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IMG_2940I am really excited to announce that I will now be a contributing writer for the blog at ModernHomesteaders.net.  I have been a fan of theirs for awhile and being asked to contribute was very flattering and exciting.  I am scheduled to write for them once a week.

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I will be talking about my road to prepping and the accomplishments I have made.  I hope to show how anyone, even if you are on a tight budget, how to start and build up emergency supplies and equipment.  But as importantly, I will be teaching alternative cooking methods, food preservation and other great DIY projects to help save you money.  I will share product reviews and a host of other things that should help you develop your own plan or hone in on the plan you have to move you ahead.

I’ve seen many things happen in the way of disasters.  Things like hurricanes, tornadoes, super storms, terror attacks and an economic system teetering in the brink of decline.  I see families displaced, left without a home to live in or even clothes on their backs.  I see these people at the mercy of charities and government agencies for their very survival.  I don’t want my family to be like those families we all see on television after such a big event. I hope you will follow me as I contribute to the great work Shane is doing at Modern Homesteaders.  If you don’t already subscribe to Modern Homesteaders, please click this link and visit them on Facebook by clicking here.

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Gert

For Christmas 2012 I got 3 hens and a small chicken coop.  I started my backyard flock!  Before getting them, I studied all I could about the task that lay ahead.  There are wonderful blogs and pages on Facebook dedicated to backyard chickens.  I read message boards and learned what chickens need, what they eat, and what diseases or conditions to watch for.  I learned about keeping a first aid kit for them for the more minor of injuries or illnesses.

I went to a local breeder and chose three different varieties, each of which were 7 months old.

I picked out a beautiful Black Sex Link (left) who I named Gert(rude) because she reminded me of the old fat farm lady.  Gert was the first of my girls to start laying and lays beautiful, very light, large brown eggs.  She lays every other day.

Ms Priss

My Golden Compass is named Ms. Priss (right)because of her strut and constant preening.  Of the three, Prissy is the only one so far who lays an egg every day.

Lucy 3/7/13

This photo (left) is my Rhode Island Red, Lucy.  You can see she is a beautiful specimen.  She’s so healthy, rich in color, plump and has been laying for about 8 weeks.  She lays eggs much like Gert’s and she also lays on alternative days.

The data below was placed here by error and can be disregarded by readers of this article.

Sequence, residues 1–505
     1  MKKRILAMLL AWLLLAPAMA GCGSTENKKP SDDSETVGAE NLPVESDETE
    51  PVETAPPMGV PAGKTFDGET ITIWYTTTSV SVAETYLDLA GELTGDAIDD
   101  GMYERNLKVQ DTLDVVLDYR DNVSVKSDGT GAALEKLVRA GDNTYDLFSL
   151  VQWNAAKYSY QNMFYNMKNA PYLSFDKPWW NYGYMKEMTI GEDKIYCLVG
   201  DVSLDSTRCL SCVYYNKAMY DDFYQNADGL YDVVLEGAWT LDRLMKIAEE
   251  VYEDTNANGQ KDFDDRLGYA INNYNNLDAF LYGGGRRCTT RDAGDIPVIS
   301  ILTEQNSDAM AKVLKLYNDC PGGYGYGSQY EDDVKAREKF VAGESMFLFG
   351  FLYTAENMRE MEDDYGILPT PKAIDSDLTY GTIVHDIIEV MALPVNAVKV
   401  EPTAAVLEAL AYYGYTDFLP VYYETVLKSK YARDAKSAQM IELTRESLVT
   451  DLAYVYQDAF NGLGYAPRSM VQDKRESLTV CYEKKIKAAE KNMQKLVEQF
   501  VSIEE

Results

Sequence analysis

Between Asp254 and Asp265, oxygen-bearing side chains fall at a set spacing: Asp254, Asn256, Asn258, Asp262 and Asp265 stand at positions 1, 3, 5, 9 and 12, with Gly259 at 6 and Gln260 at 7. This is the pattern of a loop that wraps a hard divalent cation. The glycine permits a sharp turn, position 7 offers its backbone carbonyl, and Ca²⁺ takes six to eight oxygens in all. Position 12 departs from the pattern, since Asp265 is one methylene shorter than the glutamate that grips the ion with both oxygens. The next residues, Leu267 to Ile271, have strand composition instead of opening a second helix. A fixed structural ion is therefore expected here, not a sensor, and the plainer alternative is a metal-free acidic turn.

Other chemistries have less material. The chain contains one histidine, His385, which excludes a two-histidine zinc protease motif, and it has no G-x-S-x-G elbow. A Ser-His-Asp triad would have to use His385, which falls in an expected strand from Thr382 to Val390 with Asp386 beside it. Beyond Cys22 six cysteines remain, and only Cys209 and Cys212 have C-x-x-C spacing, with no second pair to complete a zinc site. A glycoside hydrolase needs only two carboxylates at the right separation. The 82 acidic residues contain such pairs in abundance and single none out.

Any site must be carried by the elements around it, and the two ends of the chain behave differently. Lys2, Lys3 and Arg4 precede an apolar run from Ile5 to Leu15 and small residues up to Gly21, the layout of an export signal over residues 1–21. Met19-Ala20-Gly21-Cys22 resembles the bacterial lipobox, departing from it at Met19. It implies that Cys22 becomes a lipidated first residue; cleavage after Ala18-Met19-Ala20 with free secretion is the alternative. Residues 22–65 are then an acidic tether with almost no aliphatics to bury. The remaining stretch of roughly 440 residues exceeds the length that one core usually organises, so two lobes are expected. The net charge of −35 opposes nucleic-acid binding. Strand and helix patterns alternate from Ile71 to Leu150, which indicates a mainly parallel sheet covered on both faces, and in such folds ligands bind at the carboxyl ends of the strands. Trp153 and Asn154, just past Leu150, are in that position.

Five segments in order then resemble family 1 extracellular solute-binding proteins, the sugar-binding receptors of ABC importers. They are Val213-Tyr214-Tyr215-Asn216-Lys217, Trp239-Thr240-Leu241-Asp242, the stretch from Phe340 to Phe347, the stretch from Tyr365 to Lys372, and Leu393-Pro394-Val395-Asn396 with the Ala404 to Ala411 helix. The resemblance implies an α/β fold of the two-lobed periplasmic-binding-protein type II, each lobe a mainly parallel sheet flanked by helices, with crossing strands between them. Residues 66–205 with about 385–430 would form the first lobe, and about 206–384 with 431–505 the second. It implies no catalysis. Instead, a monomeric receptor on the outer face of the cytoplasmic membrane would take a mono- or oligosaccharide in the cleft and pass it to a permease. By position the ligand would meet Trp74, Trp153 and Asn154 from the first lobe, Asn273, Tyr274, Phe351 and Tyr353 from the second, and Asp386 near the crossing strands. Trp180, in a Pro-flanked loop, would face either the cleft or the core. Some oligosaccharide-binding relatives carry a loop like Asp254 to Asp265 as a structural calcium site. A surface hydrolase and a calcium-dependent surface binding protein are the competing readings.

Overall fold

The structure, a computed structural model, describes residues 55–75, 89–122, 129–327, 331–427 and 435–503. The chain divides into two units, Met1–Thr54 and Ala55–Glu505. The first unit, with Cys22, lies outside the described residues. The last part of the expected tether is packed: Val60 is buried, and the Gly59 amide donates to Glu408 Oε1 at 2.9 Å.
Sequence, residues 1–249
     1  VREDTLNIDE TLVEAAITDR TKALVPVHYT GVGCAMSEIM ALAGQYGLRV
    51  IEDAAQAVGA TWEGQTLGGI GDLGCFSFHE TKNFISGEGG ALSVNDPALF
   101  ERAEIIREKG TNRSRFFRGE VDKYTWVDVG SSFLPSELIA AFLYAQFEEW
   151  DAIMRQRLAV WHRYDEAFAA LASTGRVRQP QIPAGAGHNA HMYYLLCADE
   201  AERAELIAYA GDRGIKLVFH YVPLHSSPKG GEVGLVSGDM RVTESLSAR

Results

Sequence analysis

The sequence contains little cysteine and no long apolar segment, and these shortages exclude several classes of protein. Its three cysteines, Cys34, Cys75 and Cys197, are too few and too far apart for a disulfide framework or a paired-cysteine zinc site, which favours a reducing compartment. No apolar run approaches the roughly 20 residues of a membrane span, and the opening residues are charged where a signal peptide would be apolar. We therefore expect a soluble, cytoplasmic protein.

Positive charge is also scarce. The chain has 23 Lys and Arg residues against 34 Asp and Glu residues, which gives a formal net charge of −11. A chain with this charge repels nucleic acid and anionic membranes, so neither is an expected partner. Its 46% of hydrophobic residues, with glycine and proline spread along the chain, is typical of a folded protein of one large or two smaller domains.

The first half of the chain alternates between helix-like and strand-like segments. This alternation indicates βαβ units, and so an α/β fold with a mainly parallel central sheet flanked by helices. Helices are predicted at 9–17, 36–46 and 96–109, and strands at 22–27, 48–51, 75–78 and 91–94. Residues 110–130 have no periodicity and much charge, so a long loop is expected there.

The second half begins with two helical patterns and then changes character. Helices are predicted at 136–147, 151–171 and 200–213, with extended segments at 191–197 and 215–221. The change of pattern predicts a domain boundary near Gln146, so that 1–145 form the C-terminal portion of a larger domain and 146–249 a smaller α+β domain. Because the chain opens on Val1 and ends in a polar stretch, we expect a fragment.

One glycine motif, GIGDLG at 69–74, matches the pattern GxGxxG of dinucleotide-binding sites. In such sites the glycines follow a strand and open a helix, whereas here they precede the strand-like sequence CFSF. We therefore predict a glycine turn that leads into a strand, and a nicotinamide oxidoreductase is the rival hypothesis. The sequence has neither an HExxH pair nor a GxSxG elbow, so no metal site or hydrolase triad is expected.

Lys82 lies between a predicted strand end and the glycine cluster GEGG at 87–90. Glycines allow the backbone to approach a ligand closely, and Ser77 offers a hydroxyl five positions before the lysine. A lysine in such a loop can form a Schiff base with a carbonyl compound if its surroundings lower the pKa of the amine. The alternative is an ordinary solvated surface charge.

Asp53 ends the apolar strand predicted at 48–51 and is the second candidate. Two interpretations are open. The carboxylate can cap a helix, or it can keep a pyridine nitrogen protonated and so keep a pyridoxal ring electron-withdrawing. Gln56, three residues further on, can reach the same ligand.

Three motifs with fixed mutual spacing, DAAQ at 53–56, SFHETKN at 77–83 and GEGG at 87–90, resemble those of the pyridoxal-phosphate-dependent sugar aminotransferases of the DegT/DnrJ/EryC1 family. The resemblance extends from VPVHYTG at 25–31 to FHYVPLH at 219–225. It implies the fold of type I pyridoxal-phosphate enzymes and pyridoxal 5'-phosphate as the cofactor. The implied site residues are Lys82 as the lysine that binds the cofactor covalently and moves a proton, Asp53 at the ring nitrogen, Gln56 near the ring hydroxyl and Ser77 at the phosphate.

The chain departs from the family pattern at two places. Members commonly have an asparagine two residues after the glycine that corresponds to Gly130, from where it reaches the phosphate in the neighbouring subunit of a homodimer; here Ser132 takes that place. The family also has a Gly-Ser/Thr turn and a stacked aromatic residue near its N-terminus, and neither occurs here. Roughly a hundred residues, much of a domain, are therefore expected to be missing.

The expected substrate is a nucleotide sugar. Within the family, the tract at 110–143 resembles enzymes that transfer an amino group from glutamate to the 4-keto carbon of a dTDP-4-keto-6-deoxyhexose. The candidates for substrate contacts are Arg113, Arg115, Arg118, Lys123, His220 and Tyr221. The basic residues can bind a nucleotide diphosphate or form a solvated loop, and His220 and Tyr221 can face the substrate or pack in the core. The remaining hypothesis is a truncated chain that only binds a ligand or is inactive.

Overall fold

One morning this week, I went out to check my girls and gather the  2 eggs they leave for me every day.  Lucy was still on the nest which she tends to hang out once she lays.  Thinking nothing of it, I went about doing other chores.  I watched and waited for her to be done for more than 3 hours until she finally emerged from the coop.  Not thinking much of it as we are still having warm days mixed with cold, sunshine mixed with cloudy, rain, I went to gather the egg(s).  To my horror, I found this anomaly.

Lucy's Egg1

Needless to say, being a chicken mom for all of 3 months, I was frantic!  What happened?  Is Lucy going to die?  Is it contagious and can it kill all my girls?  I immediately came in and showed my husband who wanted nothing more than to retreat and not even look.  I settled down and with great apprehension, I began dissecting the “thing.”

First lateral cut

This was the first, lateral cut.  It exposed a multi-layered, swirly mass.  No odor nor blood.  There was actually no liquid although it was moist.  Not being a veterinarian or even an experienced chicken keeper, I was trying to figure out what this might tell me.  Was this a tumor, part of her reproductive organs, or even cancer?

Layers

You can see how  wet, layered, and flaky it is.  But it’s very clean.

Complete dissection

And here you can see what looks like cystic-growths.  But nothing dark.  It all looked quite benign to this novice.

After having documented as best I could, I went on the hunt to find out what it is.  I could not find this example on any blogs so I headed over to BackYard Chicken’s message board and posted some photos and quickly got a reply which led me right to exactly what this is.  It is called Lash Egg.  Never heard of it?  Not many people have seen it.  From what I read, it’s not very common.  So uncommon that I couldn’t get a clear understanding of what it actually is.  Some message boards has posts from people like me asking for information and advise.  Things I read all indicated that it’s not fatal.  Some hens had been lethargic, some had not.  Lucy had shown no signs of discomfort or distress.

I read one comment where the writer had “heard” that if you find two of these from the same hen, they will no longer lay eggs.  But I could not find any information to support that.  She wasn’t sick before laying this Lash Egg and she has been her normal self since.  She laid another egg two days later, right on schedule which was as perfect as all those before.

While this won’t answer any questions for others seeking information about Lash Egg, it will allow others to see what it is.  I will continue to hope some of the emails or messages I’ve put out about this will be answered.  If that happens, I will add anything new I learn.